F-8 Crusader: Warfare as Art
In contrast, the F-8 Crusader community viewed aerial warfare as a fluid art. The F-8 had one pilot, a basic radar, up to four heat-seeking, visual-range AIM-9 Sidewinders, and four 20-mm cannons. Juxtaposed with the ultra-modern Phantom, flying and fighting the F-8 Crusader remained basic, visceral, and raw.
Despite the primary focus on fleet defense, F-8 Crusader pilots still trained against other fighters using heat-seeking missiles and cannons.12 Their devotion to fighter-versus-fighter combat formed the foundation of their ethos. Compared to intercepting a bomber, a fighter-versus-fighter engagement is complex and requires pilots to act, sense, respond, and then exploit their adversary’s miscues. Admiral Stockdale described dogfighting as a “constantly changing, three-dimensional puzzle of air combat maneuvering.”13 When fighters trained against one another, they violently and aggressively pushed the flight performance envelope to achieve an advantage and kill their adversary. Their fights were fluid, dynamic, and three-dimensional because of their extensive use of the vertical plane of maneuver. As Stockdale described, “They wove arabesques of maneuver in the vertical plane, that natural habitat of the gun fighter.”14
Crusader-based combat remained a nearly infinite mix of variables within a dynamic unknown, as opposed to the scientific and relatively static cause and effect of a long-range intercept. F-8 pilots prepared for war by embracing risk and incurring losses. John Nichols described the community’s perspective on losing pilots and aircraft as “part of the price one paid for proficiency in combat.”15 Whereas their F-4 counterparts remained risk-averse.16
Neither pilot within a two aircraft element of Crusaders retained static roles as the lead or wingman. Depending on the situation, the pilot in the best overall offensive position took the role of the shooter, with the other pilot supporting. A flat culture created fluid tactics based on flexible roles. They nicknamed this the “loose deuce” tactic, which prized flexibility to react to the unexpected. It required pilots to adapt to circumstances, rather than force facts into a rigid paradigm. This principle imbued F-8 pilots with an appreciation of combat as an art instead of science. Fighting was liberated, unordered, and unhindered by hierarchy. This culture prepared Crusader pilots to prevail no matter the situation, because they expected the unexpected.
Air-to-air combat over Vietnam could not have been more different than the Navy’s prewar expectations. In the overwhelming majority of engagements, fighter crews had to go eyeball-to-eyeball prior to shooting their foes. Rules of engagement required pilots to visually identify an adversary, then aggressively maneuver, fight, and kill a highly-maneuverable and deadly opponent attempting to do the same.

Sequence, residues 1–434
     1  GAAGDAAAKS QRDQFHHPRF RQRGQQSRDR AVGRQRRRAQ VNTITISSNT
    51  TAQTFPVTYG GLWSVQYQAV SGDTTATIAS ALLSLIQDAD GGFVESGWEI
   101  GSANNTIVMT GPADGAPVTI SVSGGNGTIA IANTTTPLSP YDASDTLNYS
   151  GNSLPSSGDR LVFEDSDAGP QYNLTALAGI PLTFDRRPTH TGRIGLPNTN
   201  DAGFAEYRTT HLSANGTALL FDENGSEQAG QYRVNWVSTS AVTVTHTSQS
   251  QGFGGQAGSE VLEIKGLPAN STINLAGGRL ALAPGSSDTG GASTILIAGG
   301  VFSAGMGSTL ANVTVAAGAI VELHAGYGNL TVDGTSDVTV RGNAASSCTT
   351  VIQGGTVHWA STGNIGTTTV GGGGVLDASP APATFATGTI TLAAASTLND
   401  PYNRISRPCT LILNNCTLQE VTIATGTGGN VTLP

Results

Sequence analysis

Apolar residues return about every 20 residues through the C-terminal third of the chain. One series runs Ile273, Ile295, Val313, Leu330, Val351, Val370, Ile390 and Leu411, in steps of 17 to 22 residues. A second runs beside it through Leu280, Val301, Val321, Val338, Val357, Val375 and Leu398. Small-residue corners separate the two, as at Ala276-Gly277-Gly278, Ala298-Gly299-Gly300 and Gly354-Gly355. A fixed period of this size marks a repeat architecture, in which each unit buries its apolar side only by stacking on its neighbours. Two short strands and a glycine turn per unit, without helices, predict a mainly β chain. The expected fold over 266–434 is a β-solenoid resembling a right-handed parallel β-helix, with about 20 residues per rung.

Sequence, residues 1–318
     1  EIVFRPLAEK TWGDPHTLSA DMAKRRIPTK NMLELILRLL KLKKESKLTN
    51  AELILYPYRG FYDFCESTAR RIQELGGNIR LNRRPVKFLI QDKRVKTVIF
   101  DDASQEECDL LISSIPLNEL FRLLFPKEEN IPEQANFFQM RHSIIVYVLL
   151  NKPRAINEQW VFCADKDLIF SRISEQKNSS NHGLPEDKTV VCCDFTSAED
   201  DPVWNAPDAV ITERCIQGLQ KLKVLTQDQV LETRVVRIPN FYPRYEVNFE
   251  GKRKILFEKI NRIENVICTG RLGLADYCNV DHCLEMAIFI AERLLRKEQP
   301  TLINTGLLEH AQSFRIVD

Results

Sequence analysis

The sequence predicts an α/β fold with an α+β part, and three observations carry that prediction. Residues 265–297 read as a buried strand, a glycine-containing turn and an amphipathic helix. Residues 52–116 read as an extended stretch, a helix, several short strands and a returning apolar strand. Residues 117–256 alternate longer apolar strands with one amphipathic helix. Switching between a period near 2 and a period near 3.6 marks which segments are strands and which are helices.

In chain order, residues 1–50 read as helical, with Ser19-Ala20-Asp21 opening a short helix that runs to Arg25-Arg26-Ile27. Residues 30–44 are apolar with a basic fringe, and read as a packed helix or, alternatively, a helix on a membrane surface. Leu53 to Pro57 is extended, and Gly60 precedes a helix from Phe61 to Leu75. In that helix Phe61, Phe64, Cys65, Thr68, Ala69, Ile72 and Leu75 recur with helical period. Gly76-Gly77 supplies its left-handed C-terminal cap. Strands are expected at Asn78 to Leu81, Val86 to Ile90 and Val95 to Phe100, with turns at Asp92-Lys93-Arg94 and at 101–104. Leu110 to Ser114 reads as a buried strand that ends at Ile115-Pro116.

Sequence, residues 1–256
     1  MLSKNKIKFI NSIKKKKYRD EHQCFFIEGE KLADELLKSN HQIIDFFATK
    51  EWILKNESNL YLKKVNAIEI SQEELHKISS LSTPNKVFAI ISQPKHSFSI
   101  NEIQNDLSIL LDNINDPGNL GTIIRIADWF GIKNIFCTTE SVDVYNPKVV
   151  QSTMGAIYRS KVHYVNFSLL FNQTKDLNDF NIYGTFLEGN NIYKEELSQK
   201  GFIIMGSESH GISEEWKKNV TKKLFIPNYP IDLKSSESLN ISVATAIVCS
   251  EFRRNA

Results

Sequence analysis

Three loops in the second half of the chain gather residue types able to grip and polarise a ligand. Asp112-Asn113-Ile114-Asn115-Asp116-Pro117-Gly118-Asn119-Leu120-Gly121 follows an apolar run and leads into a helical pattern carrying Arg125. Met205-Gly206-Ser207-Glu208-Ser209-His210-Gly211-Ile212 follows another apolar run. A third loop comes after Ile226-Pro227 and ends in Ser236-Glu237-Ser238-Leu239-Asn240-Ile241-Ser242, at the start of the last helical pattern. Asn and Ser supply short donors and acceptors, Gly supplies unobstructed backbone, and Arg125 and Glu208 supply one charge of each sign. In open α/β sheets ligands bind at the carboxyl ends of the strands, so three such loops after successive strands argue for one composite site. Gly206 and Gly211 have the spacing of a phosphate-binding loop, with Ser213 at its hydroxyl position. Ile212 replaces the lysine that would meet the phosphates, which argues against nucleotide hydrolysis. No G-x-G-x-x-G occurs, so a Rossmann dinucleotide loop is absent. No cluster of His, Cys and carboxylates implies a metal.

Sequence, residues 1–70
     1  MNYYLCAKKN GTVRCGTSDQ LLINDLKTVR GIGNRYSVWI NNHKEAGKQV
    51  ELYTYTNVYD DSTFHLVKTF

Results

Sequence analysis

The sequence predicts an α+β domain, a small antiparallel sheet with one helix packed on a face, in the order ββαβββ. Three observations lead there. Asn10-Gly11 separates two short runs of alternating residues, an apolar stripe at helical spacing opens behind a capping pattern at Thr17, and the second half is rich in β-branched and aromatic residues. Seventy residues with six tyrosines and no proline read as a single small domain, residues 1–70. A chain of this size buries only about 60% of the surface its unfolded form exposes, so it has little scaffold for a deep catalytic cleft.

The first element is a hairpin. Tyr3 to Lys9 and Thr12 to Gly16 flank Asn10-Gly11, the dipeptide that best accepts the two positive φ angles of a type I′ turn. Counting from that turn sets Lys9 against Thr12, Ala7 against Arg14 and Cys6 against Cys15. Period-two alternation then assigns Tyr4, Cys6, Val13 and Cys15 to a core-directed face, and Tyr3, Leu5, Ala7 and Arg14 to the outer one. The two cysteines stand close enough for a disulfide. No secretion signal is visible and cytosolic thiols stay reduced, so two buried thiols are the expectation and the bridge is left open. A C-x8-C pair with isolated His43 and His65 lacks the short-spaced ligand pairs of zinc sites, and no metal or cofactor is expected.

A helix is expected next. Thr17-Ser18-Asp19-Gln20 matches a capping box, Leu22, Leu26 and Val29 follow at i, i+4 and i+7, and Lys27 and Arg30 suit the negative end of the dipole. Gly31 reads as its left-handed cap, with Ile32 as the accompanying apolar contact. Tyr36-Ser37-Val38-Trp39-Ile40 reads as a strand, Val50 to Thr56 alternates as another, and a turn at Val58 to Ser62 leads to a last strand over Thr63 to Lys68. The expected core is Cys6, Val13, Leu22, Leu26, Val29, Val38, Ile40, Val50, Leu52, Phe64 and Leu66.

The F-8 community’s emphasis on the fluid character of 1v.1 aerial combat prepared them, and they outperformed their F-4 peers. Crusader pilots flying the older, less advanced fighter, achieved a 6:1 kill ratio. From their first engagement in 1966 until the end of Rolling Thunder, Crusader pilots shot down 18 VPAF MiGs during 25 engagements, achieving a .72 kill efficiency rating, while losing just three Crusaders.
The cultural agility of the Crusader pilots made the difference. They adapted and flexed to the reality of combat, while the Phantom community’s worldview failed and needed to be fixed.
Navy Fighter Weapons School (TOPGUN): A Cultural Rebirth
Appendix Four of the Ault Report, written by F-8 pilot Captain Merle Gorder, recommended establishing a postgraduate fighter weapons school, which resulted in the 1969 creation of TOPGUN.17
The school’s first commanding officer, Lieutenant Commander Dan Pedersen, created a small, flat, empowered culture devoted to the art of aerial warfare: dogfighting.18 From this starting point, instructors developed tactics for the F-4. The TOPGUN junior officer instructors leveraged the F-8 community’s 1v.1 fighter combat and loose deuce templates.19 However, to be effective, the loose deuce required independently minded, agile, and aggressive aviators, devoid of the leader/wingman hierarchy.20 TOPGUN brought this agile spirit to the Phantom and destroyed the previous rote, static, and scripted mindset. Instructors, students, and graduates began aggressive dogfighting with the Phantom, using the vertical plane of maneuver. Further, the school researched and taught the advantages and disadvantages of the Phantom’s weapon systems in a short-range dogfight. TOPGUN disrupted the existing linear paradigm and brought fluidity to the Phantom community’s way of war.